The document also discusses the importance of a generally accepted definition of "standard care" in connection with data collection in wound management. "Standard care" refers to generally accepted wound care procedures and the management of underlying disease, outside of the investigational product/device or drug that will be used in the clinical trial/evaluation. It is essential that the standard care procedures/regimens used are consistent as this will minimise variability and enable assessment of the treatment effect.

Following an evaluation of abstracts from the recent RCTs and comparative studies by three reviewers, 176 articles found in the literature search were selected for analysis. Many studies measured multiple endpoints/outcome parameters - in total, this analysis generated a list of 313 different endpoints.
The endpoints were divided into the following categories (the percentages represent each category's proportion of the 313 registered endpoints):

  • Reduction rate (24.1%).
  • Wound closure (16.9%).
  • Healing time (9%).
  • Change in wound condition (9%).
  • Biomarkers and bacteriology (4.5%).
  • Circulation (1.9%).
  • Infection signs (4.5%).
  • Symptoms and signs (13.2%).
  • Dressing performance (7.0%).
  • Quality of life (5.8%).
  • Costs and resources used (4.5%).

The findings of the analysis were used as a basis for discussing and suggesting procedures for the successful measurement of each of the types of endpoint categories defined.

In general, it was found that a substantial number of endpoints (45%) were either not predefined or insufficiently defined. As part of the analysis, the degree of robustness of the measurement techniques used in studies and the degree of reproducibility were evaluated. In 70% of cases, a standardised or clearly defined measurement technique was used to examine the endpoint (eg, computerised planimetry or a standardised evaluation method). These were defined as meeting the criteria for an acceptable degree of robustness. However, 76% of these did not meet the criteria for reproducibility.

The analysis and discussion resulted in a number of recommendations ("statements") on use of endpoints in RCTs and comparative studies on non-healing wounds (See Table 1).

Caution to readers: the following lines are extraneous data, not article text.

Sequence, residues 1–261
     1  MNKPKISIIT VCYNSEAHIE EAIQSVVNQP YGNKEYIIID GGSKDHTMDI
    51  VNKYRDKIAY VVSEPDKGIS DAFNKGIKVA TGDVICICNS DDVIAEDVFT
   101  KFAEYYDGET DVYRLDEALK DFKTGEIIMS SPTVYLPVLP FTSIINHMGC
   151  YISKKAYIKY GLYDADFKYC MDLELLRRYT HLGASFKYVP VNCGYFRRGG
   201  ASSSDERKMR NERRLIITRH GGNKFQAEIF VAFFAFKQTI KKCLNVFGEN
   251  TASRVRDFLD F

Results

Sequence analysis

When evaluating interventions in wound management it is a challenge to avoid performance bias. Designing studies with the aim of obtaining sufficient information regarding outcomes is particularly hazardous. The document, therefore, discusses and provides recommendations regarding some of the considerations that should be made when designing studies on interventions for the treatment of wounds.

The definition of non-healing wounds is still discussed. We suggest that the definition "chronic" be replaced with the definition "non-healing" as this better reflects the clinical problems experienced by such patients. It is also suggested that multicentre trials should imply great efforts to enrol sufficient numbers at each site and a high degree of protocol standardisation. Another issue brought forward is the selection of an appropriate study period.

[[Tab 1 Endpoints]] 

The document provides recommendations to improve the quality of evidence in wound management. This is achieved by formulating a set of statements within the following areas:

  • Different types of evidence required by different authorities.
  • Evaluation of outcome.
  • Outcome: endpoints in RCTs and comparative studies on non-healing wounds.
  • Performance bias and interpretation of findings.

A full list of statements is found in the article published in Journal of Wound Care.1

1. Gottup F, Appelqvist J, Price P. Outcomes in controlled and comparative studies on non-healing wounds: Recommendations to improve the quality of evidence in wound management. J Wound Care 2010;19:237-68.